Data Superpowers - May The Best Stories Win!

I’ve been obsessed with telling stories for as long as I can remember. But I was always a cynic about using data to inform creative: focus groups, research, and the like. I was a doubter.

Part of it is that sometimes I’m a stubborn know-it-all. But also, it seemed like a scam: smoke and mirrors people employ with their boss or client to back up their crazy ideas. It struck me as unnecessary, since storytelling was always second nature to me.

A Flashback:

1975, Delray Beach, Florida, 81 degrees, Poolside, Christmas carols playing on an AM radio station. My mom, slathering herself with baby oil, and my Grandma Millie introducing (5-year-old) me in front of a small crowd of her friends: “Ladies and Gentlemen, introducing Danielle, telling a delightful story: Fortunately and Unfortunately!”

My two big hits at my grandparents’ retirement community were Fortunately and Unfortunately and Ghost with the Bloody Fingers. All it took was the teensiest bit of promotion from Grandma, and I was a viral success, way before the internet.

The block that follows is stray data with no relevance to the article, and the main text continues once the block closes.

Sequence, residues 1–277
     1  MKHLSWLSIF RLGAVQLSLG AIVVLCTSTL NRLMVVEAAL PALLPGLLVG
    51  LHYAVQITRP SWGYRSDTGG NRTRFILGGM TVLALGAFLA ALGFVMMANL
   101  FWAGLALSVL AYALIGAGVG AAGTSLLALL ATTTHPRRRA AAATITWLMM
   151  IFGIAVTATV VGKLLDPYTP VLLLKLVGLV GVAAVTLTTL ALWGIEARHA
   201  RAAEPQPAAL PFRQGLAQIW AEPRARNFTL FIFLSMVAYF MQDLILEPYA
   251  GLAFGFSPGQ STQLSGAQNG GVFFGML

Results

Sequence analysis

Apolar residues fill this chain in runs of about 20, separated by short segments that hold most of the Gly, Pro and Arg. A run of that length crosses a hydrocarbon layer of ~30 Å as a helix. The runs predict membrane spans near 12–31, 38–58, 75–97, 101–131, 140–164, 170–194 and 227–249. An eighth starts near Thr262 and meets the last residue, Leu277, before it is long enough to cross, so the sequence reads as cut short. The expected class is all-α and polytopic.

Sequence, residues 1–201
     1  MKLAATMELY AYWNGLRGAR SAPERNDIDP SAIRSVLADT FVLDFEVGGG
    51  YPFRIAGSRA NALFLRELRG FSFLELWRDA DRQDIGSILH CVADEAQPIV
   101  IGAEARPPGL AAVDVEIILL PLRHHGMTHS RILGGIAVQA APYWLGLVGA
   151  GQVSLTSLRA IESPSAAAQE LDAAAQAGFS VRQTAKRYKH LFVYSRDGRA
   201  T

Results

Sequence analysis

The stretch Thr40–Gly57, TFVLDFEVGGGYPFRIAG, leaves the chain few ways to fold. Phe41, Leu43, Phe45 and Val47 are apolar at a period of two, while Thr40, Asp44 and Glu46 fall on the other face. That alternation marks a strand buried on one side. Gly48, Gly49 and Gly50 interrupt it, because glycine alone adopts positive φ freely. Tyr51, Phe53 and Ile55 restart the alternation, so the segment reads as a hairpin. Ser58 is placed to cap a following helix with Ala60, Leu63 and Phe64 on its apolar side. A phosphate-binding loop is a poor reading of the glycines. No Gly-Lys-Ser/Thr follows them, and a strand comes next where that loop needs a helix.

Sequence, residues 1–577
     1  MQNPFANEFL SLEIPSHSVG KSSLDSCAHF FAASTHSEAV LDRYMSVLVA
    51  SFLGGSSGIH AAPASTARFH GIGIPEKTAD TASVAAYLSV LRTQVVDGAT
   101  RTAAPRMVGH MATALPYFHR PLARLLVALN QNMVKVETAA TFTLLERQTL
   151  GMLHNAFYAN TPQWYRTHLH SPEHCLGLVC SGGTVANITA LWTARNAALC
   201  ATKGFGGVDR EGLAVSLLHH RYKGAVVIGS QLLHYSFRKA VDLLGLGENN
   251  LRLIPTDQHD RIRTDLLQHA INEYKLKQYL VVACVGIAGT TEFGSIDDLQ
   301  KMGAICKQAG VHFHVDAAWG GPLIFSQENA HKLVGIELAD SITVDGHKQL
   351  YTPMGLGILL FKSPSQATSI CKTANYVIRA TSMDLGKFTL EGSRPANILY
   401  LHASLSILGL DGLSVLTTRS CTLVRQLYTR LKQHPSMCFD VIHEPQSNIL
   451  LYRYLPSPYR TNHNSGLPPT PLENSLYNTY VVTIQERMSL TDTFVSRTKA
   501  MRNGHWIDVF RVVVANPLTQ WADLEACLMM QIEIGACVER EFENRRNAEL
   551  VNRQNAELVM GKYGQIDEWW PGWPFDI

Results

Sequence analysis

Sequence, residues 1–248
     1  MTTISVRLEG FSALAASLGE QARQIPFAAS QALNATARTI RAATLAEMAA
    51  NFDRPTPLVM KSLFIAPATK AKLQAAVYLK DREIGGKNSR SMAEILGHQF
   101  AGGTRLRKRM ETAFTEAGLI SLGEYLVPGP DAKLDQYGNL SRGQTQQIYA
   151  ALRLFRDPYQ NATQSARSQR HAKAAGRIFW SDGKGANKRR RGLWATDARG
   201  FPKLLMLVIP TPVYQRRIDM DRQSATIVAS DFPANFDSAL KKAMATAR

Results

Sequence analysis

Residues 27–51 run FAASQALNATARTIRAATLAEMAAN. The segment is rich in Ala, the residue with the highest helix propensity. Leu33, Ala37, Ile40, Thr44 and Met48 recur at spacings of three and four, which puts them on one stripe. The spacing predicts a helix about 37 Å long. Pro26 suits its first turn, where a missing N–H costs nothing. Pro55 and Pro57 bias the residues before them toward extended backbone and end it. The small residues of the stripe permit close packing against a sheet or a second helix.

No real surprise that I turned to a life of storytelling: broadcast journalism major; theatre minor; TV news reporter; documentary producer; book author; magazine columnist. Now: advisor to brand storytellers.

My sister snarks resentfully: “Danielle, no offense but you do realize, no one has ever been able to get a word in edgewise when you’re at the dinner table, right?... If your stories weren’t so great, we’d all hate you.”

My friend Ivy runs a storytelling workshop and salon, like The Moth. I’ve been going to open mic nights, watching and listening. I got up to the mic one time recently to tell a story.

But even for a natural-born storyteller, it takes work to get good at this. There are best practices. Things that work in this format. Things that don’t. And how do I gauge what’s “working?”

In episode-one of the Amazon show The Marvelous Mrs. Maisel, Midge takes notes in her journal, logging the audience’s reaction to her husband